Review: Bad Blood

Demetria Lunetta - Bad Blood
Published: March 17, 2017 by Delacorte Books for Young Readers
Genres: Fantasy, Romance, Young Adult
Pages: 272
Find on: Amazon, Book Depository, Goodreads
Source: NetGalley
Rating: 1.5/5

A girl discovers a family secret and a past full of magic that could both save her and put her in mortal danger in this suspenseful novel that’s perfect for fans of Katie Alender and Natasha Preston.

All sixteen-year-old Heather MacNair wants is to feel normal, to shed the intense paranoia she’s worn all year like a scratchy sweater. After her compulsion to self-harm came to light, Heather was kept under her doctor’s watchful eye. Her family thinks she’s better—and there’s nothing she wants more than for that to be true. She still can’t believe she’s allowed to spend her summer vacation as she always does: at her aunt’s home in Scotland, where she has lots of happy memories. Far away from all her problems save one: she can’t stop carving the Celtic knot that haunts her dreams into her skin.

Good friends and boys with Scottish accents can cure almost anything…except nightmares. Heather can’t stop dreaming about two sisters from centuries ago, twins Prudence and Primrose, who somehow seem tied to her own life. Their presence lurks just beneath the surface of her consciousness, sending ripples through what should be a peaceful summer. The twins might hold the key to putting Heather’s soul at rest…or they could slice her future deeper than any knife.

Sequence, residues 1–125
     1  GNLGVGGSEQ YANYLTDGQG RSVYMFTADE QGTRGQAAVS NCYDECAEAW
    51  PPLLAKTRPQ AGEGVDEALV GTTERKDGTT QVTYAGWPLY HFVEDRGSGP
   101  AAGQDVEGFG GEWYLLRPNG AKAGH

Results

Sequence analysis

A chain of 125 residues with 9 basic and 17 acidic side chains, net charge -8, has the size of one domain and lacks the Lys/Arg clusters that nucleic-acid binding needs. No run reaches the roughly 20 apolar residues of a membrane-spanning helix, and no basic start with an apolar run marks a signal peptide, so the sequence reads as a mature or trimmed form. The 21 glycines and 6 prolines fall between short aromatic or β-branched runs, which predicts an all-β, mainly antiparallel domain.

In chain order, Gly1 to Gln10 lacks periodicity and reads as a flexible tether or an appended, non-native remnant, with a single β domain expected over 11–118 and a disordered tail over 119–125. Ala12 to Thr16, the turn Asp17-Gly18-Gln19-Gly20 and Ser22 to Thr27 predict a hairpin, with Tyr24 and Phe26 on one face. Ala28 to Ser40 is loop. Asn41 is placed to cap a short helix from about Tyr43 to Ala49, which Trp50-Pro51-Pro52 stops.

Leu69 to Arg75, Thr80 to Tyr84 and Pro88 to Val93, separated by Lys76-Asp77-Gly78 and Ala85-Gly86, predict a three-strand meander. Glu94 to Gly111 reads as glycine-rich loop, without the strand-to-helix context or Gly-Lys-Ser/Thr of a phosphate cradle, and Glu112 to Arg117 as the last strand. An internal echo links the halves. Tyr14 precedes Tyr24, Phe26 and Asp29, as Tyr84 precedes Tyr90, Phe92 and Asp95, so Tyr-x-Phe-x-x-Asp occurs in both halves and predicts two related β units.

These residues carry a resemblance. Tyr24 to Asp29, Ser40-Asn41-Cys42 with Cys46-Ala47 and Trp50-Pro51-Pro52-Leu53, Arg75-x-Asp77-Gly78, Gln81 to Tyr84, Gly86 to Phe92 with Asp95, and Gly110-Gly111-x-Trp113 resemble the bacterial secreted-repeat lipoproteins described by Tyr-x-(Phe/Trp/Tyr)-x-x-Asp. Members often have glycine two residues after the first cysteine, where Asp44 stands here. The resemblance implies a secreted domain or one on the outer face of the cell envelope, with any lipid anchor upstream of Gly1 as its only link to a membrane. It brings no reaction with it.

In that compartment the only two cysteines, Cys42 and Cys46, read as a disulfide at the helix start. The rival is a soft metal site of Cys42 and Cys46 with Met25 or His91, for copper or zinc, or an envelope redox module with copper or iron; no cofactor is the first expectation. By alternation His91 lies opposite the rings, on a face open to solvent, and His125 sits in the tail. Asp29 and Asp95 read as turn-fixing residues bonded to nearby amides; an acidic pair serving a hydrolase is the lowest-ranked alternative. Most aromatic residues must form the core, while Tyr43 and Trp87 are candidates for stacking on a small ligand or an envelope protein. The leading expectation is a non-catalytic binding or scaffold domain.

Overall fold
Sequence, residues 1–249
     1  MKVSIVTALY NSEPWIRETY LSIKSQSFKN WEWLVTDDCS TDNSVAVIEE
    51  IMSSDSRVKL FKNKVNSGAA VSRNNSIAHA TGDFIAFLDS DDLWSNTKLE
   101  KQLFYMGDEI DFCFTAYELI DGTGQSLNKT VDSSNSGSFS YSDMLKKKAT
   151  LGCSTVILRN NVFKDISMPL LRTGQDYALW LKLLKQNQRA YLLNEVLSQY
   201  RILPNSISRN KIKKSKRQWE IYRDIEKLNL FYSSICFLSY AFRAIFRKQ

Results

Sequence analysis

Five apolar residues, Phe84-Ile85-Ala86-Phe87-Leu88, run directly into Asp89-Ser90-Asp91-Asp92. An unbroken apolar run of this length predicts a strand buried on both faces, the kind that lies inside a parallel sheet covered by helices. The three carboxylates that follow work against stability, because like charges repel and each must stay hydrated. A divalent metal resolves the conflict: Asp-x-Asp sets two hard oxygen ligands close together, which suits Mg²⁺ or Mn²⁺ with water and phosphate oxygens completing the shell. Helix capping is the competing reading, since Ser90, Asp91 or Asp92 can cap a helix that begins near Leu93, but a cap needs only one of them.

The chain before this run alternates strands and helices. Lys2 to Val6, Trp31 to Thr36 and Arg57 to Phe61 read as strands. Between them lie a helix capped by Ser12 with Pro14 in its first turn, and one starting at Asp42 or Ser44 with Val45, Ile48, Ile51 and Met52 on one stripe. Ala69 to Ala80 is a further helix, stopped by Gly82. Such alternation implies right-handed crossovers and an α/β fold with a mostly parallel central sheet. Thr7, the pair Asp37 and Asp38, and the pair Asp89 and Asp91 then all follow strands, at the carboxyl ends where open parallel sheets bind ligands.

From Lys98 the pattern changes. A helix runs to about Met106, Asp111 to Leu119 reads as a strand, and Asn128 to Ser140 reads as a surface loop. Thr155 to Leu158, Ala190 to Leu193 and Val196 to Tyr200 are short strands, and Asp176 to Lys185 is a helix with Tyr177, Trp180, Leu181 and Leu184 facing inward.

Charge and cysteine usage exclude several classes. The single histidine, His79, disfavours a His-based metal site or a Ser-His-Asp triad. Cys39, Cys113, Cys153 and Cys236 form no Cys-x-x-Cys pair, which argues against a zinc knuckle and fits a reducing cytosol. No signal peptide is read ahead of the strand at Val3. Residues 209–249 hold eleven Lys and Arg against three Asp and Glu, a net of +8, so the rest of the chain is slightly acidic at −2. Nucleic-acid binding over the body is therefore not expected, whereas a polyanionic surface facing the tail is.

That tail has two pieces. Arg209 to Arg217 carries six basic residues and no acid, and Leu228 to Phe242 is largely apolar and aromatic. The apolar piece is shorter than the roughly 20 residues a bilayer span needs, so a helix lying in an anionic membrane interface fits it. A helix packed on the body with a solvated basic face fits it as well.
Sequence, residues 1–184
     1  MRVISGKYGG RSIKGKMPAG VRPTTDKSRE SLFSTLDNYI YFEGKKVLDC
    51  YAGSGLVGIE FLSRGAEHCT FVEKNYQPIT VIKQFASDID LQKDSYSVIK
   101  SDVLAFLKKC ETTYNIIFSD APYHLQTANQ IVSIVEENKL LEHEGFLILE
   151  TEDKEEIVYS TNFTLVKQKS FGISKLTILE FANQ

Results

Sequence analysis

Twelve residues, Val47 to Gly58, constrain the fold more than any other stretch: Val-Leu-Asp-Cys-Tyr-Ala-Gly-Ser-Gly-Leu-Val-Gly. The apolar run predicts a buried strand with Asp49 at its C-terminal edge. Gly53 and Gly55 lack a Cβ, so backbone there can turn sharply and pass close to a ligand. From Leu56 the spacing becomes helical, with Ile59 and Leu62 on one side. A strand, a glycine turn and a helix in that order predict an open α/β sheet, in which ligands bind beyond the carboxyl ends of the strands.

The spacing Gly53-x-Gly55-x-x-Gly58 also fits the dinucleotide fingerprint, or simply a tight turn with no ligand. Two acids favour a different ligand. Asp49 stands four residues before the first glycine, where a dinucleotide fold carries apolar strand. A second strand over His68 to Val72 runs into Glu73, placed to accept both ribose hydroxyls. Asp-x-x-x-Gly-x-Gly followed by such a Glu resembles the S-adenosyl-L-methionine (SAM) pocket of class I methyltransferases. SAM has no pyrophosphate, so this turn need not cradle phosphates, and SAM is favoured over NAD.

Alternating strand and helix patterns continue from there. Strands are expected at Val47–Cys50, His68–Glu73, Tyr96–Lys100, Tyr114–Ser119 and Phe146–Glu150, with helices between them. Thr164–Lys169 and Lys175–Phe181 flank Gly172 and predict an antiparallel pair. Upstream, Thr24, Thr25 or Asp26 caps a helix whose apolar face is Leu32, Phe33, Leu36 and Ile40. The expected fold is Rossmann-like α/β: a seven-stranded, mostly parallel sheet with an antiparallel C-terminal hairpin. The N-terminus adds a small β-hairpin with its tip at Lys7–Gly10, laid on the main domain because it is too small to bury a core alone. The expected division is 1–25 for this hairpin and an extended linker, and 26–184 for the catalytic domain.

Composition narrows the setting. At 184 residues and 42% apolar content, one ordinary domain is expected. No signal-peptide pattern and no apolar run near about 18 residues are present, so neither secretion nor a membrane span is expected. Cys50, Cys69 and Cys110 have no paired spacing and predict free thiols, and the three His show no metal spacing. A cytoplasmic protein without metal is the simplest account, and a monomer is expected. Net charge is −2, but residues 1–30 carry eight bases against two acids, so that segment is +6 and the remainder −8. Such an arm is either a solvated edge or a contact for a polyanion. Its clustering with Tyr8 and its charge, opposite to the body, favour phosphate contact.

~
File under: Another book that would’ve ruled if “an actual plotline” would’ve been placed into Google’s search engine.

Heather comes from a family of witches and has frequent, reoccurring nightmares of twin sisters, Pride and Prejudice Prudence and Primrose, who have derived from the 1600s. And usually, people are easier to jump on authors’ books nowadays if their book contains something, even slightly, triggering, but I’ve seen nearly *nothing* on how dangerous Heather’s “habit” was. She carves a Celtic knot into her skin for the lols. And blood is the equivalent of magic. I marked the below quote as a spoiler, just in case. Because truly, this is such a worrying, unsafe read.




“Heather, if you want to get a tattoo, get henna, or use a Sharpie, but why would you cut yourself?”

I glare at him. “It’s my body. I can do whatever I want with it.”
There are dozens of flashbacks from the 1600s intertwined, but I was unable to get over how upsetting Heather’s self-harm portrayal was. She was never shown to be in pain, suffering, or reconsidering her actions. Later, she's drowned in a bathtub by her whole family, so she could experience one minute of the afterlife, and her grandmother sacrifices herself for her. It's all made out to be a joyous affair, which is so weird and uncomfortable and disturbing, and it was blatantly too much to handle.

Comments